[Rendering of 714 Westbourne. Image courtesy of the architect]
Developer Monte Stettin and Bruno Bondanelli’s 714 Westbourne combines spaciousness, simplicity and sustainable design
Not all duplexes in West Hollywood attract spillover crowds at their open houses. The exceptions are the units on Westbourne Avenue developed by Monte Stettin and designed by Bruno Bondanelli, which to tend draw people from all over the city. Their second and most recent effort at 714 Westbourne is a case study in the way to insert green housing in the tightly packed neighborhoods of this dense little city, where housing is sought-after and land for development is almost non-existent. Nearing completion, 714 is also an essay in the elegance that the builder can achieve when the commitment to sustainability is married to a love of materials.
The New York-born developer, Monte Stettin, and the Verona, Italy-born architect, Bruno Bondanelli, together emphasize simplicity and spaciousness in the three-story units. Bondanelli, for his part, says the new units are an improvement over the earlier units; he prefers the durable, cementitious panels that cover the exterior. Also to his liking is an extra-large master bedroom, which includes an open loft space, like a small mezzanine, that overlooks the master, which can serve as a home office or perhaps a small studio. “The room looks much more spacious,” says the architect approvingly.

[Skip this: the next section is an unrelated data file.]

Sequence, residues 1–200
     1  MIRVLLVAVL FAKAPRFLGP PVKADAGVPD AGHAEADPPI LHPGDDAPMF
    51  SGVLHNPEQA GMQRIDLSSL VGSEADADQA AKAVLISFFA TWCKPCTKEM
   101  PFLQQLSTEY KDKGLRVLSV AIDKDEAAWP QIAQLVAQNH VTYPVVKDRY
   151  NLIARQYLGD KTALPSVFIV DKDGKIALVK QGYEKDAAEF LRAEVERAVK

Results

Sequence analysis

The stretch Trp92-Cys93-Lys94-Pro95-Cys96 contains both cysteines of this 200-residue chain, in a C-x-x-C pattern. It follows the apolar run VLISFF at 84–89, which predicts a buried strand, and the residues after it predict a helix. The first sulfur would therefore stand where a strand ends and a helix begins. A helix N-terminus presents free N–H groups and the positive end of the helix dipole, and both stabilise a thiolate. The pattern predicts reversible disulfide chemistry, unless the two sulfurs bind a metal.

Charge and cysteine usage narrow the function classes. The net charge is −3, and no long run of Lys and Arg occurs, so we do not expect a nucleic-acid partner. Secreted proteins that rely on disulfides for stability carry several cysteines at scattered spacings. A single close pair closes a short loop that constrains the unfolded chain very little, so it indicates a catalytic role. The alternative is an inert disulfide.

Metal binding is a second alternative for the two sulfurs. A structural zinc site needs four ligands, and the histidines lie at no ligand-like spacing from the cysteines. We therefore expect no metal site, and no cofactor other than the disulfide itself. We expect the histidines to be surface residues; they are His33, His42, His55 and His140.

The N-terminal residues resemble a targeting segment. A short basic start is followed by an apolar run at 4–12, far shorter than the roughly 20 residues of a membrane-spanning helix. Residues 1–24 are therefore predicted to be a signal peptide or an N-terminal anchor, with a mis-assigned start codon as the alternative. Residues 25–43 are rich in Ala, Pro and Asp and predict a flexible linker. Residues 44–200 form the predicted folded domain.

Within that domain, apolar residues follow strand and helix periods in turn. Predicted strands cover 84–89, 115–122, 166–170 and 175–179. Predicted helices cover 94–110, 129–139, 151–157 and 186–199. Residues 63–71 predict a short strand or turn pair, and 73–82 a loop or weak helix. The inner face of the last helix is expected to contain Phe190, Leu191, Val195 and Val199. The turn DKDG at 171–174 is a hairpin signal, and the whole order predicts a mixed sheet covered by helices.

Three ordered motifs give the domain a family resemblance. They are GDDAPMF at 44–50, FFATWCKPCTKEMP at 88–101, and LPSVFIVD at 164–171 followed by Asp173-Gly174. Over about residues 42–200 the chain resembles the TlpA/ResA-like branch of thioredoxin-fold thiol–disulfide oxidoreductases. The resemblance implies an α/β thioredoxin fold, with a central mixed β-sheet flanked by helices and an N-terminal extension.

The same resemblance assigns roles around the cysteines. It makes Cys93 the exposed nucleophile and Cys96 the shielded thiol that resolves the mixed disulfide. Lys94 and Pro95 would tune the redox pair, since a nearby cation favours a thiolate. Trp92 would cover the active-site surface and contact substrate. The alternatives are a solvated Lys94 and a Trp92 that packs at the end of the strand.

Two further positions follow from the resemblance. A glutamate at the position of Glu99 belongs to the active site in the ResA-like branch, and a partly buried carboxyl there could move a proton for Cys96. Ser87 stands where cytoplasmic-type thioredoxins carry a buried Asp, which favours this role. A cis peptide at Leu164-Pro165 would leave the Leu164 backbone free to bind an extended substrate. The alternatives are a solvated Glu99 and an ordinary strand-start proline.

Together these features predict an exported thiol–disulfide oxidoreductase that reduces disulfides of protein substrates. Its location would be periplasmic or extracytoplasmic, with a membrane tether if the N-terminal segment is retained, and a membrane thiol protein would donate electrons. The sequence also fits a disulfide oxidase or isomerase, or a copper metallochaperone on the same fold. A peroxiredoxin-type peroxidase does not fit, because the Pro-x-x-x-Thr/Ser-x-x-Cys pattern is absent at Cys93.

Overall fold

Stettin, the developer, is a restless, creative personality who has pursued careers as a fashion photographer, director of commercials and feature-film scenarist before taking on sustainable housing. Always seeking new challenges, Stettin has set his mind on an even tougher project: creating low-income housing that is both green and aesthetically appealing. -Morris NewmanMySpace Art Chat